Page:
carl@harpsi.com +44 (0)1304 36 25 10  Carl Rennoldson Early Keyboard Instruments: Harpsichord - Clavichord - Clavisimbalum
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Original French harpsichords of the 17th century are rare. Lefebvre's instrument is one of only about five single manual French harpsichords known to have survived from this period. Other double manual instruments are known but even this list is relatively short. However those that have survived evidently belong to an early indigenous school of harpsichord building. They were markedly different in many aspects of their design and construction to the instruments of Blanchet and Hemch that became established in a national style at the beginning of the 18th century. These early French harpsichords show constructional details similar to those of both the Italian and Flemish schools of instrument building. They are noted for their light and responsive keyboards with naturals covered usually with ebony and the sharps of either bone or ivory. On this instrument a trefoil motif is carved directly into the ends of the key levers.At each end of the keyboard the blocks have a scrolled top surface reminiscent of Italian work and the removable name- board drops from the level of the sides in a decorative scroll to just above the wrest plank. The soundboards of these early instruments were almost always decorated with flowers and butterflies etc. and the soundhole fitted
This instrument is based on a French harpsichord made by Anton Lefebvre who worked in Paris c.1680.
with a pierced parchment rose. Specification:    Compass: GG - d"' Disposition: 2 x 8, Strung throughout in brass. Pitch: a'= 415Hz. Dimensions: 1915mm x 800mm x 190mm (850mm high with stand). The version featured here with decorated soundboard, turned stand and painted case with gold bands is £9 850. The instrument is supplied complete with separate folding music desk and tuning lever.
The French Harpsichord
Instruments of the Ruckers family were built over a period of approximately 100yrs. From Hans Ruckers, the founder, to his sons Andreas and Ioannas and their nephew Ioannas Couchet. Throughout this time they maintained a consistency of design and quality that was to have a profound and far reaching influence on many of the makers of northern Europe. In France they were especially prized and makers would often copy the Ruckers harpsichords including name and decorative rose in an effort to satisfy demand for the Flemish product. Such was the high regard placed on the originals that as musical tastes and requirements changed these instruments were rebuilt in a process known as, "ravalement";. All the essential components were reused in the new instrument including the most valuable part, the soundboard. The main reason for the rebuilding was to increase the compass of the keyboard. The instrument shown here is based on a harpsichord that underwent this process in the early 18th century, the Ioannas Couchet 1645 single manual harpsichord in the Russell Collection in Edinburgh. It has been given a "petit ravalement" making the compass C - c"' and is available with various dispositions. It is decorated with plain colours on the inside and a contrasting colour outside with bands of gold leaf as might have been found on this type of instrument after ravalement in mid 18th century France.  Images to follow. Specification: Compass: C - c''', GG d’’’ Transposing 392Hz, 415Hz, 440Hz. Dispositions: 1 x 8, 1 x 4 or 2 x 8, 1 x 4 or 2 x 8. Strung with brass and Iron Pitch: a' = 415Hz Dimensions: 1990mm x 650mm x 220mm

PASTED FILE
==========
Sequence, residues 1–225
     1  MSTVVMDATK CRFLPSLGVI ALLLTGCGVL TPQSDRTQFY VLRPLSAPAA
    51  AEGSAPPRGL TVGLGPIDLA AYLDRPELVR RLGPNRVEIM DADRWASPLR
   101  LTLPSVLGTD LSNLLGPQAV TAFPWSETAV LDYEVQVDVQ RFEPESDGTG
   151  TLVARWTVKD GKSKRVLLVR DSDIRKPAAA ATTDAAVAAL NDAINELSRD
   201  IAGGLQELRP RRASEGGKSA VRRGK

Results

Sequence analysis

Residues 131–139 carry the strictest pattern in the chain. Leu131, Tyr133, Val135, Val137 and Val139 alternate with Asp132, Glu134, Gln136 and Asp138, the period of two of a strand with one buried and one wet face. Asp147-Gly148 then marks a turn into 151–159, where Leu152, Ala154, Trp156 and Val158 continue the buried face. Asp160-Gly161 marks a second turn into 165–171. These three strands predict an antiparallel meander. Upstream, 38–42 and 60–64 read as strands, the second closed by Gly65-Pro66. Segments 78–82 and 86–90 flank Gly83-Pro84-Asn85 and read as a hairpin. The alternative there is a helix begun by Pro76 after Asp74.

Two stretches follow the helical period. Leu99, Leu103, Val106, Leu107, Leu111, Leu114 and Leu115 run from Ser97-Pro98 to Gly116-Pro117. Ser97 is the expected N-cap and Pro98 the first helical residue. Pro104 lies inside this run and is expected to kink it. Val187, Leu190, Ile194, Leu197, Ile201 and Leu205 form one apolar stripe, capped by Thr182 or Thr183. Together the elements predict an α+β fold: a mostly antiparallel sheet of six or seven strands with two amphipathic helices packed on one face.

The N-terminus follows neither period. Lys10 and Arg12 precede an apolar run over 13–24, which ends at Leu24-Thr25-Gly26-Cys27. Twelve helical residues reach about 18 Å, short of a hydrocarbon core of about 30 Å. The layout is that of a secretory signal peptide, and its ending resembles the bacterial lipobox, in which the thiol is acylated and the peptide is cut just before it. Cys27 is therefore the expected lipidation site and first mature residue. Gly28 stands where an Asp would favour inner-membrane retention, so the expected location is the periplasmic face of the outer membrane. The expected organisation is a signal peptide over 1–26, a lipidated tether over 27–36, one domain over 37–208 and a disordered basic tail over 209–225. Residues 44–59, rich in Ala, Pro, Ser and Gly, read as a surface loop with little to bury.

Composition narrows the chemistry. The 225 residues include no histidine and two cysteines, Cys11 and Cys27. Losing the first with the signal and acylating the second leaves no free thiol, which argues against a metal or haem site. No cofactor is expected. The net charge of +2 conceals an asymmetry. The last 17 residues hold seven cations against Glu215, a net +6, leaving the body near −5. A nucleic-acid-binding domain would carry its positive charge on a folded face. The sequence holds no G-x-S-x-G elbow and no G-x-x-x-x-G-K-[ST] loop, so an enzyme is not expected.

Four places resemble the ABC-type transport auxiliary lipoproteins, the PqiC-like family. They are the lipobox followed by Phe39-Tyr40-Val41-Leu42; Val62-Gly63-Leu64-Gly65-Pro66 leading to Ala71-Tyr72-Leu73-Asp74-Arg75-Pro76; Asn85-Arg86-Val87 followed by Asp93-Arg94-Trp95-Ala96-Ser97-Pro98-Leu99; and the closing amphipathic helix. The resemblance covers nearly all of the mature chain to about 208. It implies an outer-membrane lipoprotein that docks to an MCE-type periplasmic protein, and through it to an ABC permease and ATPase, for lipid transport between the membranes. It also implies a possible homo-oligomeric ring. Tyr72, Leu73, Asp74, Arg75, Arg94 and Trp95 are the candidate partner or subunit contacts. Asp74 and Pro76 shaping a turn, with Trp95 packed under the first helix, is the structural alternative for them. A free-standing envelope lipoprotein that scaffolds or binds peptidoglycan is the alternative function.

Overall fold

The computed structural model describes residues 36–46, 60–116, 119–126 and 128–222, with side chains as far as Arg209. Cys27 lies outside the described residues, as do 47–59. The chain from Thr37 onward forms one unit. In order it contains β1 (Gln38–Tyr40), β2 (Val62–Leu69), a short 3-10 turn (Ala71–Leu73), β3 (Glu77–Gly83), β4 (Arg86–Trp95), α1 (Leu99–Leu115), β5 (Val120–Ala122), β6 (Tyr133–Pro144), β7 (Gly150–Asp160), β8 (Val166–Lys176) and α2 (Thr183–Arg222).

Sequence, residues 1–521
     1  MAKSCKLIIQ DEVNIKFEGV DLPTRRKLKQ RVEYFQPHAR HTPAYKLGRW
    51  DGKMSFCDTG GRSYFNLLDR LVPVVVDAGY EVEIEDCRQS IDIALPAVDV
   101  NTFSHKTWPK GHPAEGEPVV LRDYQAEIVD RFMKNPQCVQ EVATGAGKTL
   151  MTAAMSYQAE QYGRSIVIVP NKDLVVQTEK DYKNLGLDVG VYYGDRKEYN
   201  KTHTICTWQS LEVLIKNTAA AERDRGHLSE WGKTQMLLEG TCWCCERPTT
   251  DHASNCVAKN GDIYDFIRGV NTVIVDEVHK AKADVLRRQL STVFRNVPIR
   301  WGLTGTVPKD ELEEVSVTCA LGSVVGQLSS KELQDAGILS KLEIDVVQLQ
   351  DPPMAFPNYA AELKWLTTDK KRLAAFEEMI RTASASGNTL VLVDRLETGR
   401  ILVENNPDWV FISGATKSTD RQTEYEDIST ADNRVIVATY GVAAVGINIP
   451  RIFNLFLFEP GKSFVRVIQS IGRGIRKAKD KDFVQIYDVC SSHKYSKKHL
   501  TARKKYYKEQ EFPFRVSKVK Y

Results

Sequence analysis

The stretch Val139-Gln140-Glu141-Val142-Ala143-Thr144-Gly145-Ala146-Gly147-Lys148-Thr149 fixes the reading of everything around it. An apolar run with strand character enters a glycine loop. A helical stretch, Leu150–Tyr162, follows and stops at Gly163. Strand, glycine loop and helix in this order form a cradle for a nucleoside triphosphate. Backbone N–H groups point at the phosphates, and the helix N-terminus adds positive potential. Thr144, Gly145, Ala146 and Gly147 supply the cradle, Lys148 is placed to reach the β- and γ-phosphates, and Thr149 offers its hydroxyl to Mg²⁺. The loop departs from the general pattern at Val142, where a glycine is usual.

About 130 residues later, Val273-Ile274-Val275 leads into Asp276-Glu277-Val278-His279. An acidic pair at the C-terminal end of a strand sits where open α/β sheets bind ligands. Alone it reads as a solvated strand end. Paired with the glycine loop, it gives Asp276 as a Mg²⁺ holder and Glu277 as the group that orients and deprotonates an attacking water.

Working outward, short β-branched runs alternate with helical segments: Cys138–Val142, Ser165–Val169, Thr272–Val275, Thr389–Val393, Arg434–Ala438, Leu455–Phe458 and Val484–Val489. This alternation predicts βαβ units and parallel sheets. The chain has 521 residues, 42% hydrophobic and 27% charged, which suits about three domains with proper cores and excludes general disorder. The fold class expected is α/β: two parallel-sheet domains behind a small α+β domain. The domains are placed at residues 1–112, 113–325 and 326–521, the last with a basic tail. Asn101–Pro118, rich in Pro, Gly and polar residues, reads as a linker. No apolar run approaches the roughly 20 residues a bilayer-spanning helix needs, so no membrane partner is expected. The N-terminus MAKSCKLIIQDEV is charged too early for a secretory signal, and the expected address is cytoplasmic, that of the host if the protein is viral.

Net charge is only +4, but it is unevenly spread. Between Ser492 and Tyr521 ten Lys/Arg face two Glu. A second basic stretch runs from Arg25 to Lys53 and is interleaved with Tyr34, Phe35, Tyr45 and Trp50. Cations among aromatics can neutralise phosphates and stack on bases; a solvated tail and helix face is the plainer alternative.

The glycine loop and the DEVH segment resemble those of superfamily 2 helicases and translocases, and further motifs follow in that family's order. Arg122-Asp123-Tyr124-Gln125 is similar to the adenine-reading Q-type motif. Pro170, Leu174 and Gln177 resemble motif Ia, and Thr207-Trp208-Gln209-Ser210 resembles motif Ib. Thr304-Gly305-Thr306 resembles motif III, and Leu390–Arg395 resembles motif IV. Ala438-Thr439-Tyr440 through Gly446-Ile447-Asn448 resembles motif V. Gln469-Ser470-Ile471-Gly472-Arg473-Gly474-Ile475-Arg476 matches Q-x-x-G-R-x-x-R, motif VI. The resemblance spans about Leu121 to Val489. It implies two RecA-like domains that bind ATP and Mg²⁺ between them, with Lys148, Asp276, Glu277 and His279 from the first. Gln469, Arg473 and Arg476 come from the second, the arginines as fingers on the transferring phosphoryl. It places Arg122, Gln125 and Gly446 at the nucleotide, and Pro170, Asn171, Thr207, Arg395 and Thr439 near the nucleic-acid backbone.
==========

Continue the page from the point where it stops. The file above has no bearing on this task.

The Flemish Harpsichord
The Italian Harpsichord Early 16th C.
This harpsichord is based on the anonymous Neapolitan instrument in the Museum of Fine Art, Boston which is thought to date from about 1550. It is one of the few Italian harpsichords that can be positively identified as having had an original disposition of 1x8 1x4, which was not uncommon in the early period of Italian harpsichord building.An unusual feature is the soundboard which is made of maple (European sycamore) rather than the more usual cypress. It also has a feature possibly derived from the 15th century where the baseboard is raised about 7mm. above the level of the sides of the instrument so that it is free to resonate. Research by John Koster and others has revealed that this harpsichord is possibly related to others that have a similar baseboard arrangement and also originate from the Naples area. For the instrument that I offer the original design has been closely followed including the maple soundboard with minimal barring and raised baseboard.The internal components are made from pine and lime with numerous supporting knees making an inner frame that is both light and strong. It produces a beautifully rich bass with an almost bell like treble and four foot register. The sides are also made of sycamore with finely detailed moulding profiles, the rose is pearwood with layers of parchment. Keyboard and action are of beechwood in the Italian manner with traditional box slides. Jacks are also beechwood fitted with Delrin plectra. Boxwood is used for the natural keys and arcades and the sharps are pearwood topped with ebony. The instrument can be supplied painted or in natural maple with an oiled finish. An outer case is also available with matching turned stand or the instrument can be constructed, false inner-outer. A detailed description of the original instrument is given in, "Keyboard Musical Instrument in the Museum of Fine Art, Boston", by John Koster. Specification: Compass: C/E-c’’’ short octave (as original) or C – c’’’ Disposition: 1 x 8, 1 x 4. Strung throughout in brass Pitch: a' = 415Hz. Dimensions: 1940 x 685mm.
©2019 Carl Rennoldson BSc.